Tag Archives: Focus

An Autism Moms Worst Nightmare

Our entire lives changed this week. We have reached what I’m not even really sure to call. Is it a next level? Phase? I feel faced with a terrifying reality sooner than I thought I would.

When our children are born and we start to notice the delays and differences and start the journey of the diagnosis its devastating. We think it’s the worst moment of our lives. Time passes we transition into having Autistic toddlers and it’s hard but we are usually holding on to that optimism and love while we are overwhelmed with appointments. We are surviving this and learning all we can.

Before we know it school starts. Things get harder. There are confusing emotional meetings. We are sitting in conference rooms designing plans with an entire group of people we didn’t even realize existed in schools. This was never our plan for our children and we are very vulnerable agreeing and signing off on IEP’s or 504’s and trusting of these professionals who seem to know how things go.

As time passes problems arise. We start to educate ourselves and we are able to play a bigger role in making these plans. A few years in our kids are 2nd/3rd grade and we are in our routines, making progress, and really facing what our lives are being Autism/Special Needs moms.

Here we go we are at the end of Elementary School. We are terrified knowing middle school is coming. Our children are becoming pre teens. They are now not only struggling with their disabilities and challenges but now we have puberty. Just like that the game changes. We have the talks, we work hard to guide them through, and we face it life is harder.

At this time we have what we think to be good IEP and 504 plans in place. We have been part of this team we have built for years. By 5th grade some of our kids have been in the school system for 7, 8, 9yrs now as we started them at 3. There may have been a year or even two that our children have been held back due to their disabilities, their grades, or even their lack of social skills.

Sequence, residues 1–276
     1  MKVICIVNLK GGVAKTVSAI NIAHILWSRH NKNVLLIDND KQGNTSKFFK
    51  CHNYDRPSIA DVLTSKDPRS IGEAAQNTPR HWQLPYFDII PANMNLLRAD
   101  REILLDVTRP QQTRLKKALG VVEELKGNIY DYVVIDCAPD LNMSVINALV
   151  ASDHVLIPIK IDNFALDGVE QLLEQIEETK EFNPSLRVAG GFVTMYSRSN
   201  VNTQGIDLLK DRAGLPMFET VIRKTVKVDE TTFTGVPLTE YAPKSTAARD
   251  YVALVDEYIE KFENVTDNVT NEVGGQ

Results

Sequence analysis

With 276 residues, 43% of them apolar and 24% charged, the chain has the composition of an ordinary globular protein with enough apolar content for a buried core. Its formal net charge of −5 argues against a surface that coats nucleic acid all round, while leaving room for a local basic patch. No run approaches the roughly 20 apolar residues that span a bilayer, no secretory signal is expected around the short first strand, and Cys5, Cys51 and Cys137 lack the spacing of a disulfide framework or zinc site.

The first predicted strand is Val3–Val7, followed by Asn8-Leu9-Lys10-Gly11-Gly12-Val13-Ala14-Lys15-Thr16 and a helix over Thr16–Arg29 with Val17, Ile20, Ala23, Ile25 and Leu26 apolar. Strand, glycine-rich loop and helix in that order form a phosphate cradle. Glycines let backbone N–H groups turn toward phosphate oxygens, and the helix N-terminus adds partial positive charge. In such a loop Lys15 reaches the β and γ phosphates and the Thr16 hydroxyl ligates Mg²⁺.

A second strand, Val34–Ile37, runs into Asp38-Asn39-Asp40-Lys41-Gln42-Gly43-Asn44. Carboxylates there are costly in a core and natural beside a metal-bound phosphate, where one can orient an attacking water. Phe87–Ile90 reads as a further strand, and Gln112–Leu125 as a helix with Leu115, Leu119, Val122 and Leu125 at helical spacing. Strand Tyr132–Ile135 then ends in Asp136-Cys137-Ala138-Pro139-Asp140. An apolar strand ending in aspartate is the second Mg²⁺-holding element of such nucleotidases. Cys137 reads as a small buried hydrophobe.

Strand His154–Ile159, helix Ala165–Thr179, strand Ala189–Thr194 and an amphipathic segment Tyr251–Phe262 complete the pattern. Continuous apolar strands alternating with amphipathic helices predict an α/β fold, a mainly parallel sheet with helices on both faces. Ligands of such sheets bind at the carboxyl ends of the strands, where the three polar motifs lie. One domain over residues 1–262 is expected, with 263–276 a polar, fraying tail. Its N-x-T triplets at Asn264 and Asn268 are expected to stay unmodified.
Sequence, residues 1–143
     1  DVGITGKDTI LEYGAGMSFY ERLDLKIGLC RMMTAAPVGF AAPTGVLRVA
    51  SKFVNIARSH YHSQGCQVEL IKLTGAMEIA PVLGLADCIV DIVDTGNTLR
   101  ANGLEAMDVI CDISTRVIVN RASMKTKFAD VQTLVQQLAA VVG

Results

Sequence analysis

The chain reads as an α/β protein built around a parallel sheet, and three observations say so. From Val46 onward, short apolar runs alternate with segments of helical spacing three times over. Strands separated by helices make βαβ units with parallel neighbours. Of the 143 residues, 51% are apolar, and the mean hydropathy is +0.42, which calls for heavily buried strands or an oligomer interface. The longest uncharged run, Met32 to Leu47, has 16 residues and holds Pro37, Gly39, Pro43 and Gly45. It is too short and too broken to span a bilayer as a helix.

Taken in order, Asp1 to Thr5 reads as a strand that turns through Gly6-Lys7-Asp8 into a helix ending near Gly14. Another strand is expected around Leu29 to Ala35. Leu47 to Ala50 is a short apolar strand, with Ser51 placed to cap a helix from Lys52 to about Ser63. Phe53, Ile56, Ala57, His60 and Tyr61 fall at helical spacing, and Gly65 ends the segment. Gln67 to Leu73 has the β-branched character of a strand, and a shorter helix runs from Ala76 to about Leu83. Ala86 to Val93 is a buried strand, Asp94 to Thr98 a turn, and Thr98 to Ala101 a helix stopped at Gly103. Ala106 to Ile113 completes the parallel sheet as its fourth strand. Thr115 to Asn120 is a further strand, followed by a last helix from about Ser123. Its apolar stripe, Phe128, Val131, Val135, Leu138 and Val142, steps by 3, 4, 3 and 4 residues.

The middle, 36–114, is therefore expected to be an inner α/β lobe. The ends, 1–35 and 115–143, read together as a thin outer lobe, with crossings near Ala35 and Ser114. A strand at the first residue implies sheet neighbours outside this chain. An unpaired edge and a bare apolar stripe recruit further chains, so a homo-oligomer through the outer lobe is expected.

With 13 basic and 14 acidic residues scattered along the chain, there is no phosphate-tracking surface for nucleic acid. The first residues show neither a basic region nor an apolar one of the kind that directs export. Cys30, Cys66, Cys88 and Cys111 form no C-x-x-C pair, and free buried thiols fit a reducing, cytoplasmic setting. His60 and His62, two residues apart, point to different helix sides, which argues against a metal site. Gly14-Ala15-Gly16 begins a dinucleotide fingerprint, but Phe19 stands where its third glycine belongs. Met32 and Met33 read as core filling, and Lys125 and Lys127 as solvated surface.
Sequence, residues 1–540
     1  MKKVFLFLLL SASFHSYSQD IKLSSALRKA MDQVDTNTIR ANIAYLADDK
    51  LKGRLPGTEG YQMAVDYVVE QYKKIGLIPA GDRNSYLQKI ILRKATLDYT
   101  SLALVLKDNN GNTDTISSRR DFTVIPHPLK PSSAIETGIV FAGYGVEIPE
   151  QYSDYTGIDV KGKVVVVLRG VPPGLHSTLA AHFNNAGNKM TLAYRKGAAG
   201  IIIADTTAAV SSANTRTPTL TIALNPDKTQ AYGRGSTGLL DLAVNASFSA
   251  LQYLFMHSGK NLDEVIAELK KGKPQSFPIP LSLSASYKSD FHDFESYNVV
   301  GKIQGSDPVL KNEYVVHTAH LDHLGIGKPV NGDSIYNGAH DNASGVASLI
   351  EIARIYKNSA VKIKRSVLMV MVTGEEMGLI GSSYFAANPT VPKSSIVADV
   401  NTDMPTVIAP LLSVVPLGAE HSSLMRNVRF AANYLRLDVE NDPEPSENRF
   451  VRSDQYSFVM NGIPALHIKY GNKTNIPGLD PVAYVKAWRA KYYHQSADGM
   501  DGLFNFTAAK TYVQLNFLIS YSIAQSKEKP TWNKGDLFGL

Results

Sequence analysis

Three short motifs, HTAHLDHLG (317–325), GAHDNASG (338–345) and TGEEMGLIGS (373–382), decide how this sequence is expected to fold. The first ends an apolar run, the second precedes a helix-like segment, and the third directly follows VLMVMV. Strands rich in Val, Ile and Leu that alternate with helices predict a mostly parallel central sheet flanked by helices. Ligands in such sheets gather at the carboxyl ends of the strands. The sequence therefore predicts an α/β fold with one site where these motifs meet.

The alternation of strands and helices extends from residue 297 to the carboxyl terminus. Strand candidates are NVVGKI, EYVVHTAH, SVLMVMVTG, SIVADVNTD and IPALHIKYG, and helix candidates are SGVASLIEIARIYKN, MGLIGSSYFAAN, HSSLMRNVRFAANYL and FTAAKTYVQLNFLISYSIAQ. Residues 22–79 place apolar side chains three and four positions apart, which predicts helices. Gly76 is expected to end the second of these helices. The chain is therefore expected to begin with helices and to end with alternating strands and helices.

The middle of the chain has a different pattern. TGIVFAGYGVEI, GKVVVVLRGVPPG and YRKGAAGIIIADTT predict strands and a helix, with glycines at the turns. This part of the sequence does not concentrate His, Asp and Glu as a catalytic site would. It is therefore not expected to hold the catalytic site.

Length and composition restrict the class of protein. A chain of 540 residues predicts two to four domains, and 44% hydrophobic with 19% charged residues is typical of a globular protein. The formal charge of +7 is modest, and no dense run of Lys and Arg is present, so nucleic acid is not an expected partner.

We are now used to the phone calls, the rushing to the school because our child is sick, had an emotional outburst, or just couldn’t make it through the day. It’s never easy we are never really resting assured. We have put plans into place, designated people we can trust as back up emergency pick up people and this becomes our now normal. Our lives are not the same as the other parents but we are keeping up. Our kids might even be excelling with their grades, trying harder to help us help them. We by now might even have some friendship building. We have some hope.

Then it happens. The phone rings you see before you answer it’s the school. There is a familiar voice on the other end. At this point we are pretty much on a first name basis with everyone at the school. We are there more than we want to be. We have even become friendly with the staff. You aren’t gut wrenching panicked by the calls home by now.

This phone call is different. When you hear the words coming from the other end you feel terror. You hear the words “your child has hit another child” You struggle to not let the phone hit the floor. You take fight for a breath and you listen to them tell you what they know to have happened. Your mind starts to race, your gut feels like there is a basketball in it, you fight harder to respond to the person on the phone. Their voice is calm, maybe even soothing you fight for your focus. They make it seem like they have it under control. You know it’s not ok. You just know. They have a plan, they tell you they have it under control. They say “the child didn’t need to see the nurse, she’s ok, we are just going to have him stay in school detention for the rest of the day” They are so calm and their voice is soothing and you agree. You hang up the phone and you know it’s not ok.